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Uganda’s tourism players push for Airport opening

Tourism players in Uganda under their umbrella organization the Uganda Tourism Association (UTA) have asked government to open up the Entebbe International airport as a move to restart tourism in the country.

During a meeting held on August 4 at the Sheraton Kampala Hotel, UTA members said that the continued closure of the country’s only international Airport to air traffic further hurts an already battered tourism sector.

Following the confirmation of its first coronavirus case back in March, Uganda announced a set of measures to curb the spread of the pandemic which included closure of all land borders and the airport.

This meant that tourists couldn’t come in, a development which has hurt the country’s biggest foreign exchange earner.

Now, UTA believes that just like other countries have done world over, Uganda can reopen the airport following strict health guidelines and Standard Operations Procedures to ensure safety of travelers.

Mrs Yogi Biriggwa, the chairperson of the Board of Airlines Representatives (BAR) and Country Manager of South African airlines said that the country might need to adopt to the current situation instead of keeping several businesses locked up.

“We cannot close our businesses,” she said. “We have to adopt.”

Regional counterparts like Kenya, Tanzania and Rwanda have already officially reopened their airports with their national carriers too resuming flights this month however Uganda has not yet set a date for reopening of its air space.  

The continued closure of the airport has also affected the business community which can’t plan their imports and exports.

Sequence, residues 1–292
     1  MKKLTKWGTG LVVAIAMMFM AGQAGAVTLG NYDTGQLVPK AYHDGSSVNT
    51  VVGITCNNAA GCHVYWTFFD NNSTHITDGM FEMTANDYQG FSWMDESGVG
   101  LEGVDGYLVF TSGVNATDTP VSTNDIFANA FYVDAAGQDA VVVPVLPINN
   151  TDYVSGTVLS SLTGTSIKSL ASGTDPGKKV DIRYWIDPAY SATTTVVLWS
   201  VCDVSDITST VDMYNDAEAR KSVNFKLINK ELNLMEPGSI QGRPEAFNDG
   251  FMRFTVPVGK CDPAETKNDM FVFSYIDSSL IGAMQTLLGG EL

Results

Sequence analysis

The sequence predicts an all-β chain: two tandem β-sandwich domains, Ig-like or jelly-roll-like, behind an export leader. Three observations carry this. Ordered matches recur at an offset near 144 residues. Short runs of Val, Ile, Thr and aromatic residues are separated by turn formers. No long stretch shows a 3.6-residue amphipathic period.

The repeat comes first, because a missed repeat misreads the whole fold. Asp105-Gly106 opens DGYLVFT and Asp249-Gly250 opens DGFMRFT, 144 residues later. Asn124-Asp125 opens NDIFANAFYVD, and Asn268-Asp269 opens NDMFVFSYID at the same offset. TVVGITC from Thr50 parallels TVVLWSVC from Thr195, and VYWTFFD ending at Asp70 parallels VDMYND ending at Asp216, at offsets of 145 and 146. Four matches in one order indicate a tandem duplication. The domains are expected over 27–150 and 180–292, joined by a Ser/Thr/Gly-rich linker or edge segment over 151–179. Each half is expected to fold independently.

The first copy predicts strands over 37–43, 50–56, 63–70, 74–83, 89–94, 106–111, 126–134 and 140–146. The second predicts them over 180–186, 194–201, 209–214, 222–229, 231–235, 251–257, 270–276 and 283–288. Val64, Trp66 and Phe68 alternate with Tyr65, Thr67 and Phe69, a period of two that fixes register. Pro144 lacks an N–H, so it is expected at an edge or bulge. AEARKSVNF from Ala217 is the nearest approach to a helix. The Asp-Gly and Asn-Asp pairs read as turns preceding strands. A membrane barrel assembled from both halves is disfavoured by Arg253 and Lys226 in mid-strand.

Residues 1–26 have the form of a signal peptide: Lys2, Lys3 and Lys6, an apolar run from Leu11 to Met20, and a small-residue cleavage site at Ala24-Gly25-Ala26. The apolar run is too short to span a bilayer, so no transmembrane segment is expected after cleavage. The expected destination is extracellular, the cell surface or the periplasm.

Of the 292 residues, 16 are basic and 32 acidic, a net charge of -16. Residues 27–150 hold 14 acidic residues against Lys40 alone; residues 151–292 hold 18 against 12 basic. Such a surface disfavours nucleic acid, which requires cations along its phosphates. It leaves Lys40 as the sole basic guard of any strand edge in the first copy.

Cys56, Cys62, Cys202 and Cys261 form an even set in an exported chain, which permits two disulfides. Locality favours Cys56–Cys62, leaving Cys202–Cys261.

During the meeting, sector players issued a rift of recommendations to government that they hope will expedite the reopening of the airport.

These include setting an interim date for the reopening of the airport to guide travelers who had already deferred their bookings and release of money to operationalize the health guidelines and standards at the airport including rapid testing kits.

Other recommendations include consultations with tourism sector players and fast tracking the development of the health facilities at the airport.

Last year, the tourism sector earned the country about $1.6 billion a biggest chunk of which will be lost this financial year.

The sector also employs over 600,000 people but according to projections by sector players, about 400,000 could eventually lose jobs if the situation remains the same.

 

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Penelope Nankunda is a Ugandan Multimedia Journalist whose works are aimed at putting a positive influence on the world. She is a 2020 Media Challenge Initiate fellow with keen interest on basic human rights and travel..

nankundapp@gmail.com

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